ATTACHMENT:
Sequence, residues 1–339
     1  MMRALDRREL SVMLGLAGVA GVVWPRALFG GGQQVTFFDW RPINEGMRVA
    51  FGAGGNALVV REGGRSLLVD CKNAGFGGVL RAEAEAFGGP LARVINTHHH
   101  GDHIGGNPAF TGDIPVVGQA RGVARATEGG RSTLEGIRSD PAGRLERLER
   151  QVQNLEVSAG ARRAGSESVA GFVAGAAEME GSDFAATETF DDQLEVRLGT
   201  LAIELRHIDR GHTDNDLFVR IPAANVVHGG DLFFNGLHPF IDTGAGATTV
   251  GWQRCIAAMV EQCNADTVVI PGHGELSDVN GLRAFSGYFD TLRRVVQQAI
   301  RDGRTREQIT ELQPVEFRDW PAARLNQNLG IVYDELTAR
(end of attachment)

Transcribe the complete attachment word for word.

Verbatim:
Sequence, residues 1–339
     1  MMRALDRREL SVMLGLAGVA GVVWPRALFG GGQQVTFFDW RPINEGMRVA
    51  FGAGGNALVV REGGRSLLVD CKNAGFGGVL RAEAEAFGGP LARVINTHHH
   101  GDHIGGNPAF TGDIPVVGQA RGVARATEGG RSTLEGIRSD PAGRLERLER
   151  QVQNLEVSAG ARRAGSESVA GFVAGAAEME GSDFAATETF DDQLEVRLGT
   201  LAIELRHIDR GHTDNDLFVR IPAANVVHGG DLFFNGLHPF IDTGAGATTV
   251  GWQRCIAAMV EQCNADTVVI PGHGELSDVN GLRAFSGYFD TLRRVVQQAI
   301  RDGRTREQIT ELQPVEFRDW PAARLNQNLG IVYDELTAR